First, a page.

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Hot topic: Empowerment meant for girls and boys

Nine-year-old Grayson Bruce was asked by his school not to bring his "My Little Pony" backpack to class because it was causing him to be bullied. ABC News

For me, feminism is all about having the choice to be whoever you want.

As our cover feature today and several hot-button stories from around the country this week shows, finding out who you are starts as a child - boy or girl.

This week, 9-year-old Grayson Bruce made the rounds on morning talk shows after his school told him he could no longer bring his "My Little Pony" backpack because he was being bullied for it.

The North Carolina elementary school later apologized after his parents claimed Grayson was being blamed for the bullying rather than the school putting a stop to it.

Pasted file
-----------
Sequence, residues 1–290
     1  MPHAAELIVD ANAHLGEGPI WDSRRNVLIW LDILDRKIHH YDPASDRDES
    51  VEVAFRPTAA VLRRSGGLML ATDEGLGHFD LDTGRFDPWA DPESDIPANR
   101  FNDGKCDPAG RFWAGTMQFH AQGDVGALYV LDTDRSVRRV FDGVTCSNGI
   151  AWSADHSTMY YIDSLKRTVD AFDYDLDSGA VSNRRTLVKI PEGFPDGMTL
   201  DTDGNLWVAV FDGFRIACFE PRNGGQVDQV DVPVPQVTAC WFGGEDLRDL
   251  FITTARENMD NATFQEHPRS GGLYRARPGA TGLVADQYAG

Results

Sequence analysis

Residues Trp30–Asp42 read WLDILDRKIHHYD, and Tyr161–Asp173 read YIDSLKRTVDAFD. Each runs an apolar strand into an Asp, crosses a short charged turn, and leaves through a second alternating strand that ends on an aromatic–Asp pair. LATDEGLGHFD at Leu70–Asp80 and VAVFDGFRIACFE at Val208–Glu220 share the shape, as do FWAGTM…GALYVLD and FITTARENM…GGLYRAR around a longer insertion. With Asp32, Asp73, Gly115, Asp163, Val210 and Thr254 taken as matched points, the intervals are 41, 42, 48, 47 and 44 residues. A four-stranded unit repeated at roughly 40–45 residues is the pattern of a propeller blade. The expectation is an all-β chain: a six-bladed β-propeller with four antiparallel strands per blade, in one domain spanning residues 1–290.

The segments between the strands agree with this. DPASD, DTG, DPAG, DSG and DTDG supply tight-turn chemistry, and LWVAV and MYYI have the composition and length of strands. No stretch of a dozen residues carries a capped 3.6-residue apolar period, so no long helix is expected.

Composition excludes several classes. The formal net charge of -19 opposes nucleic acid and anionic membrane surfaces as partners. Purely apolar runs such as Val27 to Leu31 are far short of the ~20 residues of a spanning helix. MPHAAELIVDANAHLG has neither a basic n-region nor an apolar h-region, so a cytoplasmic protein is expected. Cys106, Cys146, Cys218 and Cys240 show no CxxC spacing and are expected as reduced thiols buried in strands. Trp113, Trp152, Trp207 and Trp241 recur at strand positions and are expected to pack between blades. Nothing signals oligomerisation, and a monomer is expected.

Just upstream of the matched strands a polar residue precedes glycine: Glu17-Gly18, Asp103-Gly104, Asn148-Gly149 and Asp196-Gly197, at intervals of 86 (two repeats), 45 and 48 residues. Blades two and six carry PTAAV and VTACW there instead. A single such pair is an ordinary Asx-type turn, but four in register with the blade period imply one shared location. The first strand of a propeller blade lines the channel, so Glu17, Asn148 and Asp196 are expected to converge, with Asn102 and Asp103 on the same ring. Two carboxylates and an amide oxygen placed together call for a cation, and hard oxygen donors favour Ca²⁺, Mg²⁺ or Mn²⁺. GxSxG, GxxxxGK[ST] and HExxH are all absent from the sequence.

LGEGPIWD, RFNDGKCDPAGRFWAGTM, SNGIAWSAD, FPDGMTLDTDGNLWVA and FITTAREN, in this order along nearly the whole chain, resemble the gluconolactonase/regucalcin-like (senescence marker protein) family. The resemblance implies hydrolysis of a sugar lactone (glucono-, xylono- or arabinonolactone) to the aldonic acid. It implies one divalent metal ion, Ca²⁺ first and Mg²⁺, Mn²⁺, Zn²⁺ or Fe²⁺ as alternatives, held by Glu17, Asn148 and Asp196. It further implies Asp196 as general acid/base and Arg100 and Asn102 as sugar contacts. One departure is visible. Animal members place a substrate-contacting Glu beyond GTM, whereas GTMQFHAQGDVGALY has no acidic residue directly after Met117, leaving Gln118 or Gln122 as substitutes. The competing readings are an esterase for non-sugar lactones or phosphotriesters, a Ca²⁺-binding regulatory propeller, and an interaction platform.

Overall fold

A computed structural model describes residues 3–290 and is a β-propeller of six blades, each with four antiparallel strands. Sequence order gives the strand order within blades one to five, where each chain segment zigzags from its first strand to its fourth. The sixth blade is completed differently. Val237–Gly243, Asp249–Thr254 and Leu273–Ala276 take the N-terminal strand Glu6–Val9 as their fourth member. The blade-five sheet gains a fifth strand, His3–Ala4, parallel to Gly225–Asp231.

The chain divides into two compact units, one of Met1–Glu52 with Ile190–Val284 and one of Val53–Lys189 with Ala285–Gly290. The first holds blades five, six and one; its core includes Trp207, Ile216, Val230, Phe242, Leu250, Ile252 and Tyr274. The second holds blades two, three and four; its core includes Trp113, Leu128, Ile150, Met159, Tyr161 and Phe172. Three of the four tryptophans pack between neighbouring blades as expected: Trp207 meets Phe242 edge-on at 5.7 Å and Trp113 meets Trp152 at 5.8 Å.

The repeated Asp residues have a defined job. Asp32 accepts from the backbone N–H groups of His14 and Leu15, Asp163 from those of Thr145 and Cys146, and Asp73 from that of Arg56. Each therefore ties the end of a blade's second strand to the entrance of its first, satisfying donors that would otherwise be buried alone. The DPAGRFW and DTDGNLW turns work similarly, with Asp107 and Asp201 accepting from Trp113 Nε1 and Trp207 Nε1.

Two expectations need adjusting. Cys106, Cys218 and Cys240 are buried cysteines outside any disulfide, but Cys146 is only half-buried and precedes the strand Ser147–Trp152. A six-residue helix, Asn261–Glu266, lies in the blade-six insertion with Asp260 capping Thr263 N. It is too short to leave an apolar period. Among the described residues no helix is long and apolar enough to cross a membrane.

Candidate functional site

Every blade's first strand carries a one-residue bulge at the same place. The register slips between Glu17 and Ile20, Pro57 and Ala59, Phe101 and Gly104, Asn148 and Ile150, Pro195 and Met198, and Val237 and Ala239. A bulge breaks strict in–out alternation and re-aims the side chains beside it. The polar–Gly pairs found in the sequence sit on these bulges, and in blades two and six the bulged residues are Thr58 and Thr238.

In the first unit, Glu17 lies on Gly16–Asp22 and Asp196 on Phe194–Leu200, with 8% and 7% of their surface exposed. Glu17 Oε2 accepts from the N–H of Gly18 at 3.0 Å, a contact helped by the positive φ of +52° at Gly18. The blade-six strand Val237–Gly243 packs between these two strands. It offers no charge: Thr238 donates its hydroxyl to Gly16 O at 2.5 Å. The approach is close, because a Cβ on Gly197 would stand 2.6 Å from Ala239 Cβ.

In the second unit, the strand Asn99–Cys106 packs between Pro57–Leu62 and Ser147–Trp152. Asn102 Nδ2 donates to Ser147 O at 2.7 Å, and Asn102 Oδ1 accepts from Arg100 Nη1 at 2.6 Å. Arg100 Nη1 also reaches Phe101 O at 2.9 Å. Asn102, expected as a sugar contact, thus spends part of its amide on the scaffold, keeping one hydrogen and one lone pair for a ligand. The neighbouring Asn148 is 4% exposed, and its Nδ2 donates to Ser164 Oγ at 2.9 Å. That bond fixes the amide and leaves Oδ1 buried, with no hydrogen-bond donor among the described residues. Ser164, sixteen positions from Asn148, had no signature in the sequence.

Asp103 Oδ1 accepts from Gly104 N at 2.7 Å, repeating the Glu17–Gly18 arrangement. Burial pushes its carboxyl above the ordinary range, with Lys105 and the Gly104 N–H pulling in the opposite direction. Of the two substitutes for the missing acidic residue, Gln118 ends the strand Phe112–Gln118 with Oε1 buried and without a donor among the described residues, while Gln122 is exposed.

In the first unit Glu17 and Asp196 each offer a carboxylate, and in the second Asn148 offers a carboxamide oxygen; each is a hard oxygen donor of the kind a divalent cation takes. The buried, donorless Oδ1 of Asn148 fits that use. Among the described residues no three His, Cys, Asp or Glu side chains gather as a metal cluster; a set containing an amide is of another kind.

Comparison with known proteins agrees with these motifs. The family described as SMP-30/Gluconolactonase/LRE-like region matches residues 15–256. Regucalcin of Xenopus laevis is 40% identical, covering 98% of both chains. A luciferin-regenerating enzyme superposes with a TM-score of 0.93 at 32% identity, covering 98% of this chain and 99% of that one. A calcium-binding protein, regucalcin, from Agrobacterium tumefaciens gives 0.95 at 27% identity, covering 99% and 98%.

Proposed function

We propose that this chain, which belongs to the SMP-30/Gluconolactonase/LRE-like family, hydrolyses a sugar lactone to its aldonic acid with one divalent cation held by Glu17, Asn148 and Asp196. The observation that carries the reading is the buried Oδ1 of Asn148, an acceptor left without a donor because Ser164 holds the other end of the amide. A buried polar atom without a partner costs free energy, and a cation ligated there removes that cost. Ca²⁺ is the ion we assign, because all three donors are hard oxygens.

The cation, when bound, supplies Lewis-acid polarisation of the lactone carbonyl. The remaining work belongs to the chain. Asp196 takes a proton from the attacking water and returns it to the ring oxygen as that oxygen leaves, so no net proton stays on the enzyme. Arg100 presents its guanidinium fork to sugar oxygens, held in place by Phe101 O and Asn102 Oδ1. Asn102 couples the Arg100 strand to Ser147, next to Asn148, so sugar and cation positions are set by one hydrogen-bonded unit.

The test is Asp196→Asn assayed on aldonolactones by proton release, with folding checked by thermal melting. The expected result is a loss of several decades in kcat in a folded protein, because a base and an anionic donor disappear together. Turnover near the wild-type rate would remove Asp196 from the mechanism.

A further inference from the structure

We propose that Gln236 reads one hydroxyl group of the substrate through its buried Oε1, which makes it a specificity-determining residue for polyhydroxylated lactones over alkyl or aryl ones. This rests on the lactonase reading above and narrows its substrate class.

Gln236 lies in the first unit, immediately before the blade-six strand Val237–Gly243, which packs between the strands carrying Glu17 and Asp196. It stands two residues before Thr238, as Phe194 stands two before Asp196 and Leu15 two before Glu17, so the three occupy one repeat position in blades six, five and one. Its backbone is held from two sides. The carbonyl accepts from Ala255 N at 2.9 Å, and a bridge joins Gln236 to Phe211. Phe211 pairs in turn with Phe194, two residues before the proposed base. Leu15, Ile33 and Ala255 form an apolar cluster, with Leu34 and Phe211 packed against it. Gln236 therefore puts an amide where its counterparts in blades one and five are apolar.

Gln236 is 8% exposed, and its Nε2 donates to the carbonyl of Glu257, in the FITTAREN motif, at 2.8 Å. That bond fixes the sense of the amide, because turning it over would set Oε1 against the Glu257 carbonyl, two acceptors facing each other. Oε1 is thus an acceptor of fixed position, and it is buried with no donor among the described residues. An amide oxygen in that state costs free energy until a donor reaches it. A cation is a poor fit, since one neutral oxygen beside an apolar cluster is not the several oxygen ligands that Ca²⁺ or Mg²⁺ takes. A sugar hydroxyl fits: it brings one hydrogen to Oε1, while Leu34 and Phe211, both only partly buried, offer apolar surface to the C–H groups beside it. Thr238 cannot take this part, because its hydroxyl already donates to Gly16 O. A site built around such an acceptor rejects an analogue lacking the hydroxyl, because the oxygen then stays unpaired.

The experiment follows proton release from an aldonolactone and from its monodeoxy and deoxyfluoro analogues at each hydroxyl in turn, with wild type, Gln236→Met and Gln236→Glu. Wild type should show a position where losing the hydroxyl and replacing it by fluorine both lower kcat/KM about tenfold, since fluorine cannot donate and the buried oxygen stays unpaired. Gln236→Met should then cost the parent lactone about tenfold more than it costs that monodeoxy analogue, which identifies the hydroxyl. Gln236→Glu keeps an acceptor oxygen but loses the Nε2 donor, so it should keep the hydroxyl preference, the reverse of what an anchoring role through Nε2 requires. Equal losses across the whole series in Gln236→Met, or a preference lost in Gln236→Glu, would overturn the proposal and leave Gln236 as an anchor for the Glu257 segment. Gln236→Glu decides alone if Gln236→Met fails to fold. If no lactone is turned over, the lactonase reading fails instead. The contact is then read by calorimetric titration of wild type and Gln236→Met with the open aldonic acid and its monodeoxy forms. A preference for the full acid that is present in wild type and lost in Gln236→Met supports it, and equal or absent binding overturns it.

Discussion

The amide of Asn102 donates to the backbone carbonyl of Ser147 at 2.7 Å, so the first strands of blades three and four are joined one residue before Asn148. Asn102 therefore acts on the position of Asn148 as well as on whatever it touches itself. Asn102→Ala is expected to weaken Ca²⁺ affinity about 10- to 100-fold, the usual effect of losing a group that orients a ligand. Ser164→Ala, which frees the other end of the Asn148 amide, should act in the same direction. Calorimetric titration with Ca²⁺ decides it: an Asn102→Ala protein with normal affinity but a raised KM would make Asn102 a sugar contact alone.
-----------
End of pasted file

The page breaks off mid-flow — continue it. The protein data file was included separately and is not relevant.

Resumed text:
A few days later, I stumbled across the story of 8-year-old Sunnie Kahle, who was denied re-enrollment to her private Christian school because of the way she dressed and acted.

"God has made her female, and her dress and behavior need to follow suit," the local Fox TV station reported the school wrote in the letter to Sunnie's grandparent guardians.

Her grandparents told the station that Sunnie identifies as a girl, but she likes to wear jeans and T-shirts, keep her hair short and play in the mud.

These are two examples of kids just choosing what they like, but our culture defines those behaviors as "male" or "female."

Bottom line: Our culture has made these behaviors seem inappropriate. It's time to let kids learn who they are without the fear of being labeled.